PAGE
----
But the best part is that Robo Wunderkind also sells Lego adapters so that you can put together a sophisticated robot that uses both Lego bricks and Robo Wunderkind modules.

The company has two different apps in the store. The first one called Robo Live lets you control your robot in real time. The other one Robo Code has a brand new user interface and now detects the blocks you’re currently using.

Robo Code is where Robo Wunderkind shines because you can put together simple algorithms by arranging virtual blocks in the iPad app. It’s a good way to introduce a kid to conditional statements and loops.

You won’t build a robot as sophisticated as a robot built using Lego Mindstorms. But Robo Wunderkind seems more accessible and good way to try robotics before switching to Arduino and Raspberry Pi when your kid grows up.

The company successfully raised a little less than $250,000 on Kickstarter back in 2015. You can now buy a starter kit for $250. Advanced and professional kits will also be available soon.

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Open Garden wants to give you tokens for sharing your internet connection

Posted by | Android, App, Apps, Battlefield, cryptocurrency, ethereum, FireChat, mesh networking, Mobile, open garden, Startups, technology, tokens, wifi sharing, wireless networking | No Comments

 Open Garden launched its mesh networking platform at TechCrunch Disrupt NY 2012. Since then, the company has gone through a few iterations and found unexpected success in its Firechat offline messaging service. Now, it’s ready for the next step in its evolution. The company now wants to make it easier for anybody with an Android phone to share their Wi-Fi connections with anyone who… Read More

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WICASTR brings data to the edge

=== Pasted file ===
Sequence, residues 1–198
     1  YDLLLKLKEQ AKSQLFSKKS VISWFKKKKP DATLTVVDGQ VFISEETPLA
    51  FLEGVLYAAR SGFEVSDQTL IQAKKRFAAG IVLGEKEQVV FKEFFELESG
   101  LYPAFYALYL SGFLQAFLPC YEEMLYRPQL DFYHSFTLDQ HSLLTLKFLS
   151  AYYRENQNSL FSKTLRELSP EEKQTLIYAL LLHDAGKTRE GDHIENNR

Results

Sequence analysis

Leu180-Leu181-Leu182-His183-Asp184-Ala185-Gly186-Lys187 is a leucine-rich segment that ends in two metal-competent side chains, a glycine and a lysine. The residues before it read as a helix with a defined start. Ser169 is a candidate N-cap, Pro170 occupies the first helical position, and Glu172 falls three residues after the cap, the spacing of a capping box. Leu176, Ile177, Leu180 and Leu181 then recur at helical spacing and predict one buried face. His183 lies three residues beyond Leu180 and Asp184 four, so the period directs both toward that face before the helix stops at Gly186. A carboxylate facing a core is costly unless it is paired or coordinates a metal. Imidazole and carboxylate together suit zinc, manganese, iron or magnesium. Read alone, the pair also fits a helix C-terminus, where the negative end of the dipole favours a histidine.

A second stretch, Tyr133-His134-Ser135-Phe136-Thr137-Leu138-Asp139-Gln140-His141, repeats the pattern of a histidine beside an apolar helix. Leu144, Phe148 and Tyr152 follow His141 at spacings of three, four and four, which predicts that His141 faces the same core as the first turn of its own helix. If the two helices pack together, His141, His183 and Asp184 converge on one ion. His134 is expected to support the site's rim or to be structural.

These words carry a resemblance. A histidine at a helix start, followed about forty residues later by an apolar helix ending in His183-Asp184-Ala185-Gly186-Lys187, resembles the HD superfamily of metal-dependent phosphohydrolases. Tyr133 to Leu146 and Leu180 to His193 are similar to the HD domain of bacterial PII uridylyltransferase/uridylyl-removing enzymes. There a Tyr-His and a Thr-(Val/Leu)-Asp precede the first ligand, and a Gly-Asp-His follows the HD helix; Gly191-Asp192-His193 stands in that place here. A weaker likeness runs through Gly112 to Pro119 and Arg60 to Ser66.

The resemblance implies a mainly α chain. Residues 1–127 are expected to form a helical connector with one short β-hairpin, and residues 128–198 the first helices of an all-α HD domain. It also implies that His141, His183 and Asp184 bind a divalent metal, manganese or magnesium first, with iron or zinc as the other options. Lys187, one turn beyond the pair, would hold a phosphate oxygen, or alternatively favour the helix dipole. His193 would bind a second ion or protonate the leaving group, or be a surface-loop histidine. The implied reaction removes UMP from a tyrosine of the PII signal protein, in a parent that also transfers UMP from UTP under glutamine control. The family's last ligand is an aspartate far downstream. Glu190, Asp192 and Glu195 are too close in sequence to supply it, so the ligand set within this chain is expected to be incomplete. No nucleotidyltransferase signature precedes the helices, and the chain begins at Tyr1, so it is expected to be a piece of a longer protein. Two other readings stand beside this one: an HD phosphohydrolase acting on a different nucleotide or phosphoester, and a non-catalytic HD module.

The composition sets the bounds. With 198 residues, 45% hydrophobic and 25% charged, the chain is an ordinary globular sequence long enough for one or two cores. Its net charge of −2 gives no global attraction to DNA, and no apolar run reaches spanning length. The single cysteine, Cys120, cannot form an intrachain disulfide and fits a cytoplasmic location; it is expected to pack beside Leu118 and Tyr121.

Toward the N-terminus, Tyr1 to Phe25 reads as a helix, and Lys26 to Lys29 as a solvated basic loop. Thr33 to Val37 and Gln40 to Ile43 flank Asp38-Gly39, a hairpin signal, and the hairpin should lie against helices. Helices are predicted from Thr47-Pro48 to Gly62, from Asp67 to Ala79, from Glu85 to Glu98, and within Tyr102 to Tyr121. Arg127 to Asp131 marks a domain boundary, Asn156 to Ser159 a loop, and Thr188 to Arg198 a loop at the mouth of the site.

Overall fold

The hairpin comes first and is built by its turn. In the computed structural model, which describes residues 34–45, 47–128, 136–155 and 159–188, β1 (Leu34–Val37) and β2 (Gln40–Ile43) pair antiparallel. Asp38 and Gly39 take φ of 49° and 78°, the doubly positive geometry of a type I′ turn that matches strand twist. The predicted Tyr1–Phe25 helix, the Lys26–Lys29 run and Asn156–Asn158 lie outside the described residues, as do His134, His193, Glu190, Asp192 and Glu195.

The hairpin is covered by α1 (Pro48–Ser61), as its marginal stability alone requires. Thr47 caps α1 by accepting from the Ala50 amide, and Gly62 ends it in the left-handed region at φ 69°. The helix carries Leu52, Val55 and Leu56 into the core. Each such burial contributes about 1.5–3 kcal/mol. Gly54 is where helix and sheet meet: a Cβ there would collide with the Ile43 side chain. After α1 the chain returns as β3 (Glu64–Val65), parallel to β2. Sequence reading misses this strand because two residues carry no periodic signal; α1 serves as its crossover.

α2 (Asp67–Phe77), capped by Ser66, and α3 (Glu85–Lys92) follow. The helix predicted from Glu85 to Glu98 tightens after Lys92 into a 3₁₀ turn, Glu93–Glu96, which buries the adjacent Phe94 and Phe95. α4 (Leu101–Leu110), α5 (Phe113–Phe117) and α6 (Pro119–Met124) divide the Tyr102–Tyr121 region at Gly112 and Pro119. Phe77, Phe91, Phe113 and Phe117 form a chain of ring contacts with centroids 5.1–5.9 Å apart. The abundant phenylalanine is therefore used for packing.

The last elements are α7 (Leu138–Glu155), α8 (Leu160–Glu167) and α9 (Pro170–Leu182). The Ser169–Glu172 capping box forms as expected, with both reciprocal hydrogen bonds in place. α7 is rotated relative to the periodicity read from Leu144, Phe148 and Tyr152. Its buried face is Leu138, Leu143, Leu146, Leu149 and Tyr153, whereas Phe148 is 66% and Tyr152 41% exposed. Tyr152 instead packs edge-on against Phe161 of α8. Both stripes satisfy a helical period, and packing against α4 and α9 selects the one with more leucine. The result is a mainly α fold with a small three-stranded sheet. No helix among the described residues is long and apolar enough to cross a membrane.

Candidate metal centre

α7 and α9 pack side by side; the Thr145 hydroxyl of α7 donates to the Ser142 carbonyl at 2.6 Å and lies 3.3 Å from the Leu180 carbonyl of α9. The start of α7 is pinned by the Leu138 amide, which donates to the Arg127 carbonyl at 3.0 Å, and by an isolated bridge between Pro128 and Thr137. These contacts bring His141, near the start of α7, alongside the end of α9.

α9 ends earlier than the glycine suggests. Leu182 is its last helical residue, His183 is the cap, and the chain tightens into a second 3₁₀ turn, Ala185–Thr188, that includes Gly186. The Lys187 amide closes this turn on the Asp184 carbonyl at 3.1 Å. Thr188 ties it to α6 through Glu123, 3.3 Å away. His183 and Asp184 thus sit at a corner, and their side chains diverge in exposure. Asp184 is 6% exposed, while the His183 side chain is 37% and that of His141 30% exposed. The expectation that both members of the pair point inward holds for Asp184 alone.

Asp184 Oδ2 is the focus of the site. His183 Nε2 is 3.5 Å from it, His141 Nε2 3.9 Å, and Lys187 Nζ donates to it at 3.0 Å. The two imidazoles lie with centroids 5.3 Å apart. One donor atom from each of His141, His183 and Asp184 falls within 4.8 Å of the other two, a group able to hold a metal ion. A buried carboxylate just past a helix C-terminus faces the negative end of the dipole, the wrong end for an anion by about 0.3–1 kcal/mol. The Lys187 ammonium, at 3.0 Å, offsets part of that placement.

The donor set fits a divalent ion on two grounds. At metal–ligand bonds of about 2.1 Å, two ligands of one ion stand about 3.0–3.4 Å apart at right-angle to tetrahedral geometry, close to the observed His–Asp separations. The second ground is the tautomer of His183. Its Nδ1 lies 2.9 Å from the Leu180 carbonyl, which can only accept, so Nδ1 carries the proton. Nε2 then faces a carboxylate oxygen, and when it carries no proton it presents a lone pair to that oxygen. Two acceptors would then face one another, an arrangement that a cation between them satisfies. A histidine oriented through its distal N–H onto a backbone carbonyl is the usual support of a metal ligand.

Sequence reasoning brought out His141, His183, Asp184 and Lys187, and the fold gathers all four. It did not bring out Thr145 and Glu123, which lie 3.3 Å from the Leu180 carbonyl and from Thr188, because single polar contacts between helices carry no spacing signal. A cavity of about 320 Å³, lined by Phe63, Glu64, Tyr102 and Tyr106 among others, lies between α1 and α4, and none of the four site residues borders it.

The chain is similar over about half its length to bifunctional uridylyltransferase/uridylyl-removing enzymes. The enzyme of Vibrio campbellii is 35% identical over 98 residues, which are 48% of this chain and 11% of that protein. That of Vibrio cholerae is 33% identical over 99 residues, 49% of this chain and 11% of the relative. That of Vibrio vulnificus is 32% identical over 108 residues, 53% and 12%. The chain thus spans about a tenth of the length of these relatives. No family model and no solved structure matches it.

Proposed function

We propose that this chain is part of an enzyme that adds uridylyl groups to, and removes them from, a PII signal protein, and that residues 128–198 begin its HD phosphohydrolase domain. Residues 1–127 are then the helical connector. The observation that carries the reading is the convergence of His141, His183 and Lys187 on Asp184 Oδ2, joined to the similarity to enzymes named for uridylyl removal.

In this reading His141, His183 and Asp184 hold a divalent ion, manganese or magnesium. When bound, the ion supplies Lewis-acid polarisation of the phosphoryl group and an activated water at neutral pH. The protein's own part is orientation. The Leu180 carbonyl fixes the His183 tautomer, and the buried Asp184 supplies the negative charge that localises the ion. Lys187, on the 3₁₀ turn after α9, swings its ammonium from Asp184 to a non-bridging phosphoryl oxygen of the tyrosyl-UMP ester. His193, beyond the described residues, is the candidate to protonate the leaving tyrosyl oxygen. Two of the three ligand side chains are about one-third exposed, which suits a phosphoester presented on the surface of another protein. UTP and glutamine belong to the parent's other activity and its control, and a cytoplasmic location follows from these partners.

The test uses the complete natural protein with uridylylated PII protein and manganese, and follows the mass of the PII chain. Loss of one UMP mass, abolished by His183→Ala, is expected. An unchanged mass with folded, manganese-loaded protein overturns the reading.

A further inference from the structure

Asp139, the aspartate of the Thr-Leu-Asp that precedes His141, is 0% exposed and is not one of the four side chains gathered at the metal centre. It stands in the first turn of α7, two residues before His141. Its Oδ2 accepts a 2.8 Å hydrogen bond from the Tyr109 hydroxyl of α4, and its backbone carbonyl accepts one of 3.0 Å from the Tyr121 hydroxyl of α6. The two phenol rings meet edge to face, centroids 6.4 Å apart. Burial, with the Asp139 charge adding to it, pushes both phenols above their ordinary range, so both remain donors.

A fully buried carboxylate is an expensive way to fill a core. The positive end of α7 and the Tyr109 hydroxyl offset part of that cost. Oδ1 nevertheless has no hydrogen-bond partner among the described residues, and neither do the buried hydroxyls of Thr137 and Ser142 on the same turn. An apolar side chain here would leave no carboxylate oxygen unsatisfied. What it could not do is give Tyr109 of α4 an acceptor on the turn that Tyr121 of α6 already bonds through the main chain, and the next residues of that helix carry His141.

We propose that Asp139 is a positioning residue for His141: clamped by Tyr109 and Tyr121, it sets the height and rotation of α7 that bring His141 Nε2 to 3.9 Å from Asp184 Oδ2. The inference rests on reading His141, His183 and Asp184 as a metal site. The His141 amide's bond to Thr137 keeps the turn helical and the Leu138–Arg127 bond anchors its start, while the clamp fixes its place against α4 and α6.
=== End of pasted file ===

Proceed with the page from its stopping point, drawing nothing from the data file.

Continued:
Posted by | Android, Battlefield, cisco systems, computing, deutsche telekom, Disrupt Berlin 2017, Intel, Internet of Things, Router, smartphones, Startups, TC, technology | No Comments

 Content distribution is hard. You want to keep enough of it close enough to favorite customers so they don’t have to wait and reduce latency for new data. That’s why WICASTR created the SMART Edge Platform, a system for sending content to the very edges of the network, including compatible local routers and access points. “WICASTR is an ‘all in one solution’ for… Read More

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The Sun Exchange funds solar installations with micro-investments and bitcoin

Posted by | Battlefield, Bitcoin, cryptocurrency, Disrupt Berlin 2017, events, Gadgets, GreenTech, hardware, renewable energy, solar, Solar Power, TC, the sun exchange | No Comments

 Solar power could transform small communities around the world, but remote villages can’t always scrape together the thousands of dollars required to install the cells. The Sun Exchange wants to change that by leveraging the hearts and wallets of hobby investors, who cover the installation costs and then have their share of the revenue trickle in for years to come. There’s even… Read More